The hard truth is that while many citizens may not be aware of modern-slavery, our justice systems are. However, traffickers, commercial sex purchasers, and other criminals involved with modern-slavery are rarely prosecuted and if they are - their sentences rarely reflect the severity of their crimes. If we, as Americans, want to create sustainable campaigns and solutions that will truly end modern-slavery, we must shine a light on what our justice systems are doing and demand greater accountability. Mehlman-Orozco exposes the shortcomings in the American justice systems throughout Hidden in Plain Sight with several anecdotes of police investigations that either failed to prosecute trafficking ring leaders - instead prosecuting accomplices with little say in the crimes committed - or failed to prosecute anyone altogether. Especially when it comes to sex-trafficking, people have the tendency to simply look the other way and pretend like it isn’t happening, which allows traffickers (commonly referred to as “pimps”) further opportunity to exploit and abuse their victims. Hidden in Plain Sight makes it clear that this practice is not okay, and gives readers the tools to be effective advocates within our justice systems so that these realities will become history once and for all.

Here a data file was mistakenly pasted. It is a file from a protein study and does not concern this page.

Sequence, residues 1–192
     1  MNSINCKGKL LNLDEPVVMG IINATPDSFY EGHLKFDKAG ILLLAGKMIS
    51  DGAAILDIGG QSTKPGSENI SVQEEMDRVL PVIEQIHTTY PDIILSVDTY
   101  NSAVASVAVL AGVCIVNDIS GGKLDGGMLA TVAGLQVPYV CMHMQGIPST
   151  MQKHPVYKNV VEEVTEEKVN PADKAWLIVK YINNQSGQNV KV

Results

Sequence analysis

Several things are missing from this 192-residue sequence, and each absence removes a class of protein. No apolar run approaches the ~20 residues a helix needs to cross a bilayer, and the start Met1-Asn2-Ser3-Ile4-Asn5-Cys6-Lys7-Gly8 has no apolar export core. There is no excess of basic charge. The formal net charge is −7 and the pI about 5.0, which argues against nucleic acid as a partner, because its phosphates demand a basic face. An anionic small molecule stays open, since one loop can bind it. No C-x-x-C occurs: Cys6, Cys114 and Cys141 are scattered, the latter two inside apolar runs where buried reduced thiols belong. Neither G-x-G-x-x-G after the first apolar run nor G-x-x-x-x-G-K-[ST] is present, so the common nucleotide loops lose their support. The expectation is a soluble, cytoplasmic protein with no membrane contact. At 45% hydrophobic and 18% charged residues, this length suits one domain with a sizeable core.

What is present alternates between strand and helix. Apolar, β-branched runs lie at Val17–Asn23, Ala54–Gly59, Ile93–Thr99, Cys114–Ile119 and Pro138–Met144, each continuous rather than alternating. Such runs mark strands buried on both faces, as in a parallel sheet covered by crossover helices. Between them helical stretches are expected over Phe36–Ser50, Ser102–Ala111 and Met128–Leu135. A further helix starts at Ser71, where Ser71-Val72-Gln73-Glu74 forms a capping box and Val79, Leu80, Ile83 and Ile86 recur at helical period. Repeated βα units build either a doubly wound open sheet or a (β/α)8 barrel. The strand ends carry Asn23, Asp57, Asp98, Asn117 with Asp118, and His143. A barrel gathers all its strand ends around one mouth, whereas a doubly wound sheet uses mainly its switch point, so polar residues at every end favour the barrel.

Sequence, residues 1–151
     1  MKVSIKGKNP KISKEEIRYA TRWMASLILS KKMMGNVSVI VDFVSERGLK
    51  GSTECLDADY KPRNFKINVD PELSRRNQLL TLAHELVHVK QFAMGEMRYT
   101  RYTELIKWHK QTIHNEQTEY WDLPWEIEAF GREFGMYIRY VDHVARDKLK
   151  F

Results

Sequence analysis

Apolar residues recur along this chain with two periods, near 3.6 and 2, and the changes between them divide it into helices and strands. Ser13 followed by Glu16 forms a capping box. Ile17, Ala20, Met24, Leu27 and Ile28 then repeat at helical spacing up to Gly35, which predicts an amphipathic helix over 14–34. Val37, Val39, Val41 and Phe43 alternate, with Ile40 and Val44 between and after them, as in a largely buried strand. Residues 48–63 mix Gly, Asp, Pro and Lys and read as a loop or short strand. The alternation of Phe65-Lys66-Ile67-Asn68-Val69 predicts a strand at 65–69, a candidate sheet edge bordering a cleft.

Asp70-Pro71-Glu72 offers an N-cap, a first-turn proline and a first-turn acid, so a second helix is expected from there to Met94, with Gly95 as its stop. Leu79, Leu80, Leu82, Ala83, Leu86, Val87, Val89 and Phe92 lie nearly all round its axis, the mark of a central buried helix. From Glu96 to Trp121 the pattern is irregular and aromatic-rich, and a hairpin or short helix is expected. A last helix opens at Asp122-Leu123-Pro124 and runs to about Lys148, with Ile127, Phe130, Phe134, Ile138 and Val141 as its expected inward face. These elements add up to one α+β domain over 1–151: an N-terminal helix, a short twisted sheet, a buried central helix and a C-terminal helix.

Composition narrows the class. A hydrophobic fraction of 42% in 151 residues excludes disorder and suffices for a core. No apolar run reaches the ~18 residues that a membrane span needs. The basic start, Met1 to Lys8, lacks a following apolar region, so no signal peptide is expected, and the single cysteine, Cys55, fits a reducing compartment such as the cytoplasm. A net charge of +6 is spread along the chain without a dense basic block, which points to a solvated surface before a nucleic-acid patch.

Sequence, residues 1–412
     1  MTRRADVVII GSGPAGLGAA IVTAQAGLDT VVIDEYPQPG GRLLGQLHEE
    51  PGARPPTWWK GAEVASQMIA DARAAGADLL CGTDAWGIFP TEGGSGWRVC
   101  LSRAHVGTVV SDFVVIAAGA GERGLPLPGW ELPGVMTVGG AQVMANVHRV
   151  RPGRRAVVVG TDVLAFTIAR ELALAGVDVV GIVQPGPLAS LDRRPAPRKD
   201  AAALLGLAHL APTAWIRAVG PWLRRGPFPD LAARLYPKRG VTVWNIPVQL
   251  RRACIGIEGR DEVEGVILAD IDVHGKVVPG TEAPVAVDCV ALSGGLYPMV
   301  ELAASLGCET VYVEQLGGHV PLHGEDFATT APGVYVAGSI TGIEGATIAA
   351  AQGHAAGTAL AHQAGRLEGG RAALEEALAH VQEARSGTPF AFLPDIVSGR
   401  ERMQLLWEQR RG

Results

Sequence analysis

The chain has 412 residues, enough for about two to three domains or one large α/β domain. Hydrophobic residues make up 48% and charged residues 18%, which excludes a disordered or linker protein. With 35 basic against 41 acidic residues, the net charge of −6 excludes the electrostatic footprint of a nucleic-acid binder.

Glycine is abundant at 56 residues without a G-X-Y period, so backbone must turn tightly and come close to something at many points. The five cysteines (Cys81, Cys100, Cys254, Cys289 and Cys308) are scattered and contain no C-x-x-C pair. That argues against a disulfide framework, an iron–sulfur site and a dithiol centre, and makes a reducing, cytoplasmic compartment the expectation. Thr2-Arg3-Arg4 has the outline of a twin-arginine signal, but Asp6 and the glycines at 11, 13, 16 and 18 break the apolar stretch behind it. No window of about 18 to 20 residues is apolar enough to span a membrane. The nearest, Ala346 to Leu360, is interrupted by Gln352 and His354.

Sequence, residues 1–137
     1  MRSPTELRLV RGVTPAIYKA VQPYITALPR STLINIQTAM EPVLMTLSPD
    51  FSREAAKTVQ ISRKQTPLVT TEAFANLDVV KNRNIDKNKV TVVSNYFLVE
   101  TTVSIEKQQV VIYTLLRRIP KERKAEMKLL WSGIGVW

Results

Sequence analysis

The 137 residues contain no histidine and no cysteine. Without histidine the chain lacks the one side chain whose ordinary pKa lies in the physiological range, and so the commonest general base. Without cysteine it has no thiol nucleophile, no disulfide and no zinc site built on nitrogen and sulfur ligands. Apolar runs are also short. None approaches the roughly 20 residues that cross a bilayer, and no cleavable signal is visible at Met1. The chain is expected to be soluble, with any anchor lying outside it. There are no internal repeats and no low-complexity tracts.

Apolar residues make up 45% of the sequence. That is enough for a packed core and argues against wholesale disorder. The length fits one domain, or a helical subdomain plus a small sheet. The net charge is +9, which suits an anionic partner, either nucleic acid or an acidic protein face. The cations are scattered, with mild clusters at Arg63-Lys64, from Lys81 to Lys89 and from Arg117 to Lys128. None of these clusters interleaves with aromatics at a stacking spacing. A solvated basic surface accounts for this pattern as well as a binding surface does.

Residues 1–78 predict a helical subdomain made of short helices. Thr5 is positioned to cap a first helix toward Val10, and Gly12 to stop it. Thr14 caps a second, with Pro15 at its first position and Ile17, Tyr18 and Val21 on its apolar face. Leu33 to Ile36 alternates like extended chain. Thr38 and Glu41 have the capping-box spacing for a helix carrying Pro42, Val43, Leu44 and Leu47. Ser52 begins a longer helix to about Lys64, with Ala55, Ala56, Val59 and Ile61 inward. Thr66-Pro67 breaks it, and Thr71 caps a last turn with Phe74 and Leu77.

“It’s not just easy for me to leave because I was kept. You know, 12 hours a day, at the same place, over and over again, it was terrible. It was the nastiest place I ever been. I felt miserable every single day. When I was going to shower, I was hating myself. I was even thinking about suicide many times because I didn’t have a choice to get out.” (page 96)
We now have no excuses. Mehlman-Orozco has expertly proven any rebuttal against standing up for victims of modern-slavery wrong. They did not choose. They did not ask for it. It wasn’t an opportunity for them to rise above their situation. And it isn’t something that we have no control over.
After reading Hidden in Plain Sight, readers will not only understand the urgency of this situation but the importance of providing sustainable solutions and resources for victims of modern-slavery, so that the endless cycle of exploitation can be stopped. This book makes it clear that we can change what is happening in plain sight all around us if we only have the courage to look.
The question then remains, will you?
About Dr. Kimberly Mehlman-Orozco
"Dr. Kimberly Mehlman-Orozco is an accomplished survey methodologist, research scientist, and quantitative & qualitative consultant on issues related to human trafficking. Her work is published in books, peer-reviewed journals, magazines, and news outlets. She has served as a peer reviewer for human trafficking publications and taught human trafficking material at the #1 ranked criminology school in the country, University of Maryland College Park."
We're giving away a copy of Hidden in Plain Sight on our blog this week! To be eligible, share this blog post on social media and comment underneath this blog post! Winner will be announced this Friday, November 3rd.
About the Author
Beth Woods is a lover of all things outdoors, animals, and random dance parties in the car. She lives in College Station, Texas where she is studying international relations and French at Texas A&M University and hopes to continue advocating against slavery for her career someday.